At the re:Invent conference held in Las Vegas in November 2016, Amazon’s CEO announced Athena, among a series of new services. Athena’s specialty is to support interactive queries using SQL over data stored in S3 buckets. What sets it apart from Amazon’s Redshift, used for data analysis on a highly structure data warehouse environment and Amazons EMR, used for data analysis on unstructured data, is Athena’s simplicity and ease of use.
Easy to Set Up
To begin with, Athena is serverless. No infrastructure setup is required to start using Athena. No clusters need to be set up and no data warehouses need to be created. Athena simply asks for a location path data stored in a S3 bucket. The location path must be of the form:
s3://<bucket name>/<folder name>. Along with the location, you must specify the schema for the table being created. Once the table is created, you can perform data analysis using SQL.
Low Cost Option
In addition to the simplicity of Athena is its cost effective pricing option, where you only pay for the amount of data that the query scans during it execution. Currently the pricing is a $5 per TB scanned. That makes Athena much more economical than using EMR for analyzing semi-structured data like log files and website clickstream data.
Supports the SQL Standard for Queries
Behind the scenes, Athena utilizes Presto. Presto is Amazon’s open source distributed SQL query engine optimized for low latency and ad-hoc analysis of data. Hence, Athena is able to support the ANSI SQL standard, including complex queries, aggregations, joins and window functions. Backed by a highly available and fault tolerant infrastructure, Athena guarantees durability of your data as well capacity to scale up to large volumes which are characteristics of big data. Athena does not currently support stored procedures or user defined functions (UDFs).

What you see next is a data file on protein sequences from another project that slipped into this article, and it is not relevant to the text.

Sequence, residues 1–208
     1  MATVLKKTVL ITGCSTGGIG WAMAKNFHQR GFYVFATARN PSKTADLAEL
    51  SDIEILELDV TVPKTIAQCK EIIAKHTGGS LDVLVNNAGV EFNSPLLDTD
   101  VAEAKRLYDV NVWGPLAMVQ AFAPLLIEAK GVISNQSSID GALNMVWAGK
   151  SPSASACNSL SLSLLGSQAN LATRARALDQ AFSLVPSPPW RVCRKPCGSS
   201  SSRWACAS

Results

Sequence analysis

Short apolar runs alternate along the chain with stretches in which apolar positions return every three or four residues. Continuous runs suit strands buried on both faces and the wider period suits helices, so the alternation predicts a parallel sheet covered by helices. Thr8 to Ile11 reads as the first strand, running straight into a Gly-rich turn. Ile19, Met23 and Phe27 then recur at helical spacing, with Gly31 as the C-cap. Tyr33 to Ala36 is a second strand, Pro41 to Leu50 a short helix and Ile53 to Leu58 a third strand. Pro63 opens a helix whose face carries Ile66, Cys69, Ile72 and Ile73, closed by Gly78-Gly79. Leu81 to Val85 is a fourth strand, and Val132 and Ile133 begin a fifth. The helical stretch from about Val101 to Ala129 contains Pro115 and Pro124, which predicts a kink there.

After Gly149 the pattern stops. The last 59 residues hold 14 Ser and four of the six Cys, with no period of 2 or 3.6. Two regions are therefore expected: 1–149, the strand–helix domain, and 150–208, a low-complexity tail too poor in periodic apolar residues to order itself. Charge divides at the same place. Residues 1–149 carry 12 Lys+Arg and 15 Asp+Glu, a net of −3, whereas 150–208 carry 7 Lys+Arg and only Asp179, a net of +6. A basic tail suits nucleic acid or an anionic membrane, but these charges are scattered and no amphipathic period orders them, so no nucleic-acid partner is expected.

Utilizing the vast number of computational resources offered by AWS, queries in Athena yields results in sub-seconds. Athena’s query editor allows interactive query analysis by simply typing in the query against the Athena table. This is ideal for quick ad-hoc analysis and also supports complex analysis with complex queries.
Creating Databases and Tables
Athena uses an internal data catalog to store metadata about tables and databases, similar to a Hive meta store. Databases consist of multiple tables. Additionally, Athena uses a schema-on-read scheme which means that table definitions are applied to the data in S3 only when the queries are being executed. This eliminates the need to load or transform data saving time and resources. Table definitions and schemas can be deleted without affecting the underlying data in S3.
Databases and tables can be created in Athena using Hive data definition statements. Tables can be created using the query editor or a wizard or a JDBC driver. The JDBC driver also allows Athena to integrate with Business Intelligence tools. Since Hive supports multiple data formats through the use of its serializer-deserializer (SerDe) library, Athena is also able to support a variety of data formats like CSV, TSV, Parquet, JSON, ORC, Apache web server logs and custom delimiters. Hive allows Athena to define complex schemas using regular expressions also.
Partitioning of data is also supported, which can be used to reduce the amount of data scanned by Athena’s query, thus reducing costs further. Compressing and converting data to open source columnar format also results in greater performance and reduced costs with Athena.
Getting Started with Athena
If you have an AWS account, you are automatically signed up for Athena services. As of December 2016, Athena is available only for US-East (N. Virginia) and US-West 2 (Oregon) regions and should be available in all regions in the coming months. If you do not have an AWS account, LinuxAcademy.com has released a lab for you to start playing with Athena. Also available on LinuxAcademy.com is the nugget titled “Getting Started with Athena” that guides you with setting up database, tables and querying in Athena.